Now, as well as land blight, there is a potential toxic legacy. Disused mines are one of the most potent sources of water pollution, and can keep discharging for hundreds of years. The River Esk in Scotland, for example, is still being polluted by coal workings from the 13th century. As the opencast pits fill with water, into which sulphides and metal salts leach, these toxins can spread into aquifers, drain into rivers and contaminate the land when rivers flood. No one seems to have a plan for averting this outcome.

There are similar stories in many parts of the world. In the Appalachians and the Illinois basin in the US, coal companies have walked away from environmental disasters. Homes are flooded by minewater, rivers are poisoned, mountaintops remain truncated.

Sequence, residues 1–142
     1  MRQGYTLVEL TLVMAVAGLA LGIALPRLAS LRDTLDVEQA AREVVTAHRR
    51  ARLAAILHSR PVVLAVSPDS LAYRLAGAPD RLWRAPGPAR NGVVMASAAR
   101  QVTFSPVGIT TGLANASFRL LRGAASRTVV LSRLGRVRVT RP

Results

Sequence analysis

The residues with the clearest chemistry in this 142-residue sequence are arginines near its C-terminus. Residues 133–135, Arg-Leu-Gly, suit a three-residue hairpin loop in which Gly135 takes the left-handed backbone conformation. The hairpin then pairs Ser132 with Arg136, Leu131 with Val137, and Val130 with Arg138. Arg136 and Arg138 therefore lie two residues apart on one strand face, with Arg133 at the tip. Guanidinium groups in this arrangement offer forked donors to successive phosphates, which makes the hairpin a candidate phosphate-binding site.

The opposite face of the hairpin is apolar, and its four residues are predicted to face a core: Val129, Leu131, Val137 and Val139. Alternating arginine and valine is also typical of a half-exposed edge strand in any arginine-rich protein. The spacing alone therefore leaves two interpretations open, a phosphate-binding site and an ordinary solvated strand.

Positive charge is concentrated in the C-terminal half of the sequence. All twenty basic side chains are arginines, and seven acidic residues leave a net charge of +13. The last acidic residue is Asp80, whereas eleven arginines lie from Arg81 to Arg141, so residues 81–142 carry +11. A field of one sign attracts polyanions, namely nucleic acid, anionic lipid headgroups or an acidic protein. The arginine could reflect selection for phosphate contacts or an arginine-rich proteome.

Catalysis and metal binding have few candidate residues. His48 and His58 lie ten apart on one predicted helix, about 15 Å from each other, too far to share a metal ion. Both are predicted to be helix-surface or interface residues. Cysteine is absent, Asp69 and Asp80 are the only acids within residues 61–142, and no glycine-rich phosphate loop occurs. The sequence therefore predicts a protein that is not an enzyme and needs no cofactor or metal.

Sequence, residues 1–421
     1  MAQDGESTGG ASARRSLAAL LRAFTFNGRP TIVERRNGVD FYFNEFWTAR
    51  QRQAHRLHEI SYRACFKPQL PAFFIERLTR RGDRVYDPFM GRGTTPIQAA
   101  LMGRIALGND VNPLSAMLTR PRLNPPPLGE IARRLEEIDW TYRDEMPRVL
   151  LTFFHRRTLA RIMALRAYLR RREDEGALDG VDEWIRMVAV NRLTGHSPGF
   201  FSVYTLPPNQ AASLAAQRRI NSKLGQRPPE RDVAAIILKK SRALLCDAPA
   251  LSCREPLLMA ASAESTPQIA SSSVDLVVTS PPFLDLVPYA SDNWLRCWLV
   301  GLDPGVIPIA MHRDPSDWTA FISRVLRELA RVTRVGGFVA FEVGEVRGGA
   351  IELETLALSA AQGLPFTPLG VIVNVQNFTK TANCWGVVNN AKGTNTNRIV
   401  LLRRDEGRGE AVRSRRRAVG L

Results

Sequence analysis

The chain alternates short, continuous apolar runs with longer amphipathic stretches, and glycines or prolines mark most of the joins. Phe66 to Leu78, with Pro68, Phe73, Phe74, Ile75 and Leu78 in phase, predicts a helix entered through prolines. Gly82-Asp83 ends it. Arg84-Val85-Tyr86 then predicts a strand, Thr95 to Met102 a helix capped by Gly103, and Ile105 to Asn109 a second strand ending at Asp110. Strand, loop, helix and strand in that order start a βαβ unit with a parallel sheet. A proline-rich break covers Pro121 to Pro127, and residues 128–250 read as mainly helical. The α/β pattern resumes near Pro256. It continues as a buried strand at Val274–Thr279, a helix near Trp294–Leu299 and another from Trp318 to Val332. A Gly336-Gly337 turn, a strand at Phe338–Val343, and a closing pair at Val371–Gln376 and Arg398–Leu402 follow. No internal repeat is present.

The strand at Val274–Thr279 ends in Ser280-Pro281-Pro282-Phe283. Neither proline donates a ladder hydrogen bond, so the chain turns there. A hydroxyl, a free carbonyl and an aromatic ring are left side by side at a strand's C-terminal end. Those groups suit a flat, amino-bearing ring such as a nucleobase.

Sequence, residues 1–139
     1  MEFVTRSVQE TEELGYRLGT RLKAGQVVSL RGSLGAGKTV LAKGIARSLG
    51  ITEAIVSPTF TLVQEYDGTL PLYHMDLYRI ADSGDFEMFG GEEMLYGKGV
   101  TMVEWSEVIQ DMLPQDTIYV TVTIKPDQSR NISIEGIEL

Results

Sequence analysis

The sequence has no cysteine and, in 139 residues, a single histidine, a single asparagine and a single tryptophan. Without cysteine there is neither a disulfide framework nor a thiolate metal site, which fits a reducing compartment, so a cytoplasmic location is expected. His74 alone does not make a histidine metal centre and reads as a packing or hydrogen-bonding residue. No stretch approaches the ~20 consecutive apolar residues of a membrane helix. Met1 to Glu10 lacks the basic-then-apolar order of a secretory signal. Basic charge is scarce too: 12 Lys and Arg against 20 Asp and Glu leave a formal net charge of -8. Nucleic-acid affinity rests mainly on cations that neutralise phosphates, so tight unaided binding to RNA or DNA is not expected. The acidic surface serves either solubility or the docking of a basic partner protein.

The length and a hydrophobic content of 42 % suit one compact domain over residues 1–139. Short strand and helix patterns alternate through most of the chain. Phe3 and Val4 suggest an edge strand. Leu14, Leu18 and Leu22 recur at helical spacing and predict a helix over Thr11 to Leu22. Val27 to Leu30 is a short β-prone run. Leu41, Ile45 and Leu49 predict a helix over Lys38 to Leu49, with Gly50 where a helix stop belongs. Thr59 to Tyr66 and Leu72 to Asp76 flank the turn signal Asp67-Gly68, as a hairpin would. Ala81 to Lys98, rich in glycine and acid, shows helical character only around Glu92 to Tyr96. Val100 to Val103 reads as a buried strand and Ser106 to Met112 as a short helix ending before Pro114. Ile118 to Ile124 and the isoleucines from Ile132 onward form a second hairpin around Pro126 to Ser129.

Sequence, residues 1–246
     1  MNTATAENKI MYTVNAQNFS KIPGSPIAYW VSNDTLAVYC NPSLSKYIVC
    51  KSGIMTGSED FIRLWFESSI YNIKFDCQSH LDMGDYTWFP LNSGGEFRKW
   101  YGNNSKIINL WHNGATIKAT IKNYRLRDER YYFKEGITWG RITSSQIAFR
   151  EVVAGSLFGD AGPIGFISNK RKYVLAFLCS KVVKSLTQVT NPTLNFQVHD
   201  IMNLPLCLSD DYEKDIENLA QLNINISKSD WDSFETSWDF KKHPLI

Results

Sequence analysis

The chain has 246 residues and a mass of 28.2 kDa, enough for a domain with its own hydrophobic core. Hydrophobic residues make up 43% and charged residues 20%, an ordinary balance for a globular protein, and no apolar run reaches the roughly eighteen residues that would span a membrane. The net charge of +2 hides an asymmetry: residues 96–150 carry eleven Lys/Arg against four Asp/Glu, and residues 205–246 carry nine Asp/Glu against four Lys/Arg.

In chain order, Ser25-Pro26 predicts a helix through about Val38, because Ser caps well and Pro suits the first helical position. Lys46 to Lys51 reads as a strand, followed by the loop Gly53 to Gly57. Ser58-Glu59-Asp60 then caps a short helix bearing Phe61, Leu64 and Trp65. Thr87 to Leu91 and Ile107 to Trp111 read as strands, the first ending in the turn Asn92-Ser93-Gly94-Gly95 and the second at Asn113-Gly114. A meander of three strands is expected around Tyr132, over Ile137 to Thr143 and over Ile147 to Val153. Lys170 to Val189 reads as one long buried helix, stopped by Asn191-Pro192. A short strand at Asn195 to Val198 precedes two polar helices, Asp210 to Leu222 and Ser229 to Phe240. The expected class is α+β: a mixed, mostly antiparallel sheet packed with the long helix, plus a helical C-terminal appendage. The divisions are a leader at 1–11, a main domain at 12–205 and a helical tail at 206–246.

One estimate suggests there are also 123,000 abandoned, uncapped oilwells in the US; another that plugging the derelict oil and gas wells in the Gulf of Mexico alone – which threaten to discharge methane into the atmosphere and crude oil into the ocean – would cost $30bn. Most of this money should be provided by the oil majors that drilled them, which have a combined capitalisation of $1.2tn, but they are surrounded by the defensive political wall they have bought: the state and federal legislators who obstruct any attempt to hold them to account. In the Niger delta in Nigeria, blighted by decades of oil spills, many people now have no option but to abandon their poisoned lands and seek to rebuild their lives elsewhere.

It’s capitalism made visible: extract the money, dump the costs, abandon the community and move to the next frontier. And this is before you count the much greater liability of the carbon dioxide these corporations have released, for which there was never a clean-up plan. We are all in the hole the fossil fuel companies have left. It is time to stop digging.

 

Source: The Guardian